Customers ask themselves, “does this look like something I’ll like?”. “Will it do what I need it do?”.
If the packaging makes the right impression, chances are that product’s going in the basket (assuming it’s in the right price range).
Finally, there are impulse purchases. The products customers don’t plan to buy, but which catch their eye when they’re “just having a look, thanks“. Impulse buys are just too appealing for customers to ignore.
This might be because the product’s on a good price discount. Everyone likes a good bargain, right?
But often, it’s because the packaging is designed to jump out at you. To grab attention.
Look at snacks, for example.
Notice how much snack packaging uses the colour RED. Red’s a strong colour which grabs attention. It’s well suited for impulse purchases, because red catches your eye, like a stop sign.
Packaging has another role to play in-store, and that’s for brand blocking.
This is where stores display groups of products together to make them stand out more. A big display is more eye-catching than just a product on the shelf.
It’s often use with market leader products to signpost what’s in the aisle. Go to soft drinks and there’ll be a big brand block of Coca-Cola at the end of the aisle. Same for toothpaste and Colgate, or biscuits and Arnott’s.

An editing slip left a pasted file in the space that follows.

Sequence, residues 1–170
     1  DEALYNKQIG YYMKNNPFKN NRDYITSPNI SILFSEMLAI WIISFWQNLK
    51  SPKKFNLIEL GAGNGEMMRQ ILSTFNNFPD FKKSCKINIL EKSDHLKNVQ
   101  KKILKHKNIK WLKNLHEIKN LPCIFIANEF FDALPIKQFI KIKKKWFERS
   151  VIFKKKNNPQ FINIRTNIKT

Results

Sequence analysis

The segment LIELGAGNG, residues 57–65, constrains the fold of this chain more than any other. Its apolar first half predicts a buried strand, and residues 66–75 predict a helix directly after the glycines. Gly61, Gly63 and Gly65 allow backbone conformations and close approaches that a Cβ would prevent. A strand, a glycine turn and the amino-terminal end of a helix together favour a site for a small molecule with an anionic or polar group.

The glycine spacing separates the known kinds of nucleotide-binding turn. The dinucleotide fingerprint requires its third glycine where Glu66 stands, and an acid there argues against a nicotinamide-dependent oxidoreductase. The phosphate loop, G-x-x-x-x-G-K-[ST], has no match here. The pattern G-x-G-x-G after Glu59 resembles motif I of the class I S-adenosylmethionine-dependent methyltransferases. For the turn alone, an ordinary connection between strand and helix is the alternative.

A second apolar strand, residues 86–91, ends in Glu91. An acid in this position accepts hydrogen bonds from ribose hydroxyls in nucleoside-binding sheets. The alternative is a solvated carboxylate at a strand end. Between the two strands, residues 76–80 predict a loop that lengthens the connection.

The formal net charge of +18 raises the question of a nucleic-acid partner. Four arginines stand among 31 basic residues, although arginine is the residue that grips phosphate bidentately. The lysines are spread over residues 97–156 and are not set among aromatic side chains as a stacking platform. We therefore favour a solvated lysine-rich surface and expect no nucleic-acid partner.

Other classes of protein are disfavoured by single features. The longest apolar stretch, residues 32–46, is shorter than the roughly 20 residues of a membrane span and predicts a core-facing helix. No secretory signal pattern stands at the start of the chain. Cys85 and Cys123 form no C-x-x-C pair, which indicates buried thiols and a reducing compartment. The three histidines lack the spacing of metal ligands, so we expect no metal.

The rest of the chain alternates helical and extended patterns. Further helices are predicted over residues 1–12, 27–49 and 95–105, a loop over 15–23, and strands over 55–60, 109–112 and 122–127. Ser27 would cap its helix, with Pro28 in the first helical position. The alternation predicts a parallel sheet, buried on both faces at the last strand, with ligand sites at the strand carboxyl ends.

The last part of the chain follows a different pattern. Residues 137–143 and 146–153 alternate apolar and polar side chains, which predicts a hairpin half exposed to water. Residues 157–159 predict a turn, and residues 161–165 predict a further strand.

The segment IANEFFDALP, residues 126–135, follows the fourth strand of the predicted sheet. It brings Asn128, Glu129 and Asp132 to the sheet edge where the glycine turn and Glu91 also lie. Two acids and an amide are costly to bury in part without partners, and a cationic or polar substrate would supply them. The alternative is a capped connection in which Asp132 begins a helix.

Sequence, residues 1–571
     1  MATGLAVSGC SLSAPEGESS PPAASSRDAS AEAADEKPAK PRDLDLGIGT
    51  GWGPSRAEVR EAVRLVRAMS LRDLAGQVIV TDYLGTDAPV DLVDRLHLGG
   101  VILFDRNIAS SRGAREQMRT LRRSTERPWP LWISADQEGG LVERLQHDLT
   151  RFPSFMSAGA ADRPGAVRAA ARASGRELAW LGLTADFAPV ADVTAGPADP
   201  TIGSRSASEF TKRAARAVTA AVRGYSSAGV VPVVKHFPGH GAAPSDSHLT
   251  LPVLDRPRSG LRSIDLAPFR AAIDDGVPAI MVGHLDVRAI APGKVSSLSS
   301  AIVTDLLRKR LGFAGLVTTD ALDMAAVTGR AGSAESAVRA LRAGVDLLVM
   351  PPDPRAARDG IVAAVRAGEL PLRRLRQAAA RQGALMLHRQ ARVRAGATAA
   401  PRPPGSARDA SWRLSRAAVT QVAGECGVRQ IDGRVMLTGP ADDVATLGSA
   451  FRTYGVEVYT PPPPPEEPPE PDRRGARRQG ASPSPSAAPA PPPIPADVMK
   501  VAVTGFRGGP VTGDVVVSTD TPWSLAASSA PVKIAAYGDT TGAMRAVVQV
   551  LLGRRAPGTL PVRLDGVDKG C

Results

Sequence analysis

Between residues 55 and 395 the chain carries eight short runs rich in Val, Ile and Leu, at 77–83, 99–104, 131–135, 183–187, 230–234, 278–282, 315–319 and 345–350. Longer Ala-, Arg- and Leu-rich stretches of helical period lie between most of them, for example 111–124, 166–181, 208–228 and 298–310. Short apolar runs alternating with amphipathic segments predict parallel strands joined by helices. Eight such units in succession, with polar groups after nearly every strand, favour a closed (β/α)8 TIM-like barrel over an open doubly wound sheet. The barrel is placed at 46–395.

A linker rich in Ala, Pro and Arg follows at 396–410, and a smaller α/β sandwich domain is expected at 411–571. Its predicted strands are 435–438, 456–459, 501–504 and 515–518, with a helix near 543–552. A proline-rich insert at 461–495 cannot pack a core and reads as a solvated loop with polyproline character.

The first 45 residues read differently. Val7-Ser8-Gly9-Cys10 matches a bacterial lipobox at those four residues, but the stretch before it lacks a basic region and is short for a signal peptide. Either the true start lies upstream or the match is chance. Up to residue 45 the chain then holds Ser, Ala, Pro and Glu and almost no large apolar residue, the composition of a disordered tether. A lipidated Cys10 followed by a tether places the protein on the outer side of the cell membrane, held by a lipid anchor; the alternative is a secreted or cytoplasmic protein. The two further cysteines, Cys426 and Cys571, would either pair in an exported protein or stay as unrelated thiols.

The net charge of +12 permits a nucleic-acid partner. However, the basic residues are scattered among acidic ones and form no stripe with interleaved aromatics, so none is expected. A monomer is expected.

The size of the display does 2 jobs.
First, it grabs attention because people see “big” things before they see “small” things.
But it then also helps reassure customers the product is a safe choice. Big displays sub-consciously reassure customers about a product.
They think it must be safe. The store wouldn’t give up so much space to a bad product, would they?
Look at these brand blocked infant formula products, for example.
New mums are more likely to choose a product from this large brand block, than a product with only 1 or 2 shelf facings.
The size of the display reassures them these are big “safe” products to choose for their babies.
The same underlying principles apply to the role of packaging for online selling. However, even there’s obviously no physical interaction with the packaging. Everything has to work on a screen. That means the packaging design and writing is even more important.
You’ve got to stand out against a wider choice online. Plus, there’s limited screen space to play with. You need to get the basics right.
For example, in this sample online basket, look at the difference between Fairy and Kellogg’s LCM.
Fairy’s brand name stands out very strongly, doesn’t it? It has a strong contrast.
The LCM brand name has much less contrast in comparison. It has less visual impact and doesn’t stand out so clearly.
But this information also has an SEO job to do. It’s how customers will find you when they search. But most packaging product information isn’t written with SEO in mind, when clearly it should be.